2020 Photo Year in Review

The Turkish Mediterranean 

Turkish flag and sail.sm

It has been a blessing to spend part of 2020 on a sailboat instead of in quarantine–or worse, in a COVID-19 hospital ward. More than a million people are dead of the virus. To have been able to isolate onboard Flying Fish during this health crisis was a privilege that I did not take for granted. Flying Fish is grounded for now.  My Turkish visa expired, requiring that I leave the country. The European Union, which controls most of the remaining Mediterranean coastline, is closed to visitors with U.S. passports. I cannot sail onward to Greece, Italy, France, or Spain until the virus is under control. Going forward during this time of politics and pandemic will require creative navigation at a date unknown. For now, it provides solace to look back at 2020 aboard Flying Fish


Isolation during the time of COVID was essential. Often, this quiet time alone was also euphoric. As I sailed along the Türk Rivierası, also known as the Turquoise Coast, it was my personal objective each day to seek out something positive. There was joy in the simplicity of a quiet anchorage. Where mountains met the sea I was utterly absorbed by the power of the Mediterranean landscape. Isolation in nature, I learned, has its own healing efficacy.

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At every anchorage on the Turkish Mediterranean coastline there is evidence of ancient civilization. The ruins are a reflection of the greatness, the fallibility, the faith, and the arrogance of the human species. In 334 BC, Alexander the Great, at age 30, rampaged through what is now modern-day Turkey conquering the Persians and creating one of the largest empires of the ancient world stretching from Greece to northwestern India. Mark Antony is said to have chosen the entire Turkish Riviera as a wedding gift for his beloved Cleopatra. The volcanic mountains near Dalyan, are believed to have been the inspiration for the mythical Chimera — a fire-breathing monster that the heroic Bellerophon slew while riding into battle on the winged back of Pegasus. The ruins of Turkey were a constant reminder to me, coming from a nation less than 250 years old, of the fragility of great civilizations.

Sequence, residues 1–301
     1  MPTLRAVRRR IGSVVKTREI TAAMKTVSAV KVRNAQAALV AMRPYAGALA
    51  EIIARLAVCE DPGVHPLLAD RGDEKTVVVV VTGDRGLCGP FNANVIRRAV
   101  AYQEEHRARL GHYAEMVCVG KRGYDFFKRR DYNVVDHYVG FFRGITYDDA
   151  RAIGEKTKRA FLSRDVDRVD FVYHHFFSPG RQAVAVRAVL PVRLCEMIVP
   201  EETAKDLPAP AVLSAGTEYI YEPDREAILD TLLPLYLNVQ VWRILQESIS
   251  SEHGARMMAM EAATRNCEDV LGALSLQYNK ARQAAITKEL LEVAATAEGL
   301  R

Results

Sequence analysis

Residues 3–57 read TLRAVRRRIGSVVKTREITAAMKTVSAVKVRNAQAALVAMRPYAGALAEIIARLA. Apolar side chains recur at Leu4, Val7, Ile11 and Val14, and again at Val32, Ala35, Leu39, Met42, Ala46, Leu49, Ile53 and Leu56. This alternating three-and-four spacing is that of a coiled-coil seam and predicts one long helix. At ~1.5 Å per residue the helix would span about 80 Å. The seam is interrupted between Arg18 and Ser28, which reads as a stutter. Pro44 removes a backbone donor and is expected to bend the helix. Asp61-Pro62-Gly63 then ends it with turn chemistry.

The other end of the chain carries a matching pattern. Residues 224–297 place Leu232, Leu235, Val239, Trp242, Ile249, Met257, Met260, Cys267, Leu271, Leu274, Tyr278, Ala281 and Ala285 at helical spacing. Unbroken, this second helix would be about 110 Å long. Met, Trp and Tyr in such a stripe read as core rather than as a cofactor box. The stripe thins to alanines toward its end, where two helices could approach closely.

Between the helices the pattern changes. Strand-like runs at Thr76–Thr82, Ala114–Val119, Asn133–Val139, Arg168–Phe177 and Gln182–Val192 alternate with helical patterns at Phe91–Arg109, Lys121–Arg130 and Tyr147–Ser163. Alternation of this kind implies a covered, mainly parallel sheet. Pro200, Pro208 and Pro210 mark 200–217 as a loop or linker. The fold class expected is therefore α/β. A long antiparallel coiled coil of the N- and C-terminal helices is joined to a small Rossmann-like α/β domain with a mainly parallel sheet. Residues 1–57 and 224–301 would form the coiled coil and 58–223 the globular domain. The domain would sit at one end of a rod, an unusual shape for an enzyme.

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On this journey around the world, the keel of Flying Fish has passed over some of the most remarkable underwater landscapes imaginable. But along the Turkish Mediterranean the subsurface is in many ways understated. Instead of delicate tendrils of live coral and a multitude of colorful tropical fish, the Turkish Mediterranean sea bottom is often, like its shoreline, rugged and raw. Still, to a careful observer, there is life and color among the rocks. There is also history below the surface of the water. In a remote area of the Datça Peninsula I made a free dive to check that the anchor of Flying Fish was secure and I discovered nearby a mound of ancient pottery including pieces of amphora and several unbroken clay cooking pots. In the seaside village of Gümüşlük I dove over the ruins of ancient Myndos with its submerged roads, jetties, and walls made of interlocking stones perfectly cut and each weighing several tons. I wonder if future generations will see these same underwater treasures.

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On Shore

The Turkish people welcomed me as if I were a part of their family, despite the fact I could not master the language with its distinctive characteristics of vowel harmony and extensive tongue-twisting agglutination. Usually a smile was the only translation necessary. The food is savory and fresh, often prepared and served only hours after being harvested from the garden or sea. Turkish wines are spectacular. The history of the Turks covers a time frame of more than 4,000 years. They endured invasions by the Mongols and Huns and Crusaders. Modern-day Turkey shares borders with Russia, Iran, Iraq, Syria, and parts of the Balkans. Yet, when it came to confronting a major global enemy–the infection of COVID-19–the Turkish government controlled the virus with early lockdowns and prudent precautions. Virus numbers never spiked in Turkey as they did elsewhere in Europe, Asia, and the Americas. The Turks are as resilient as they are resourceful.

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The route of Flying Fish in the Summer of 2020

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Text and Photography © Jeffrey Cardenas 2020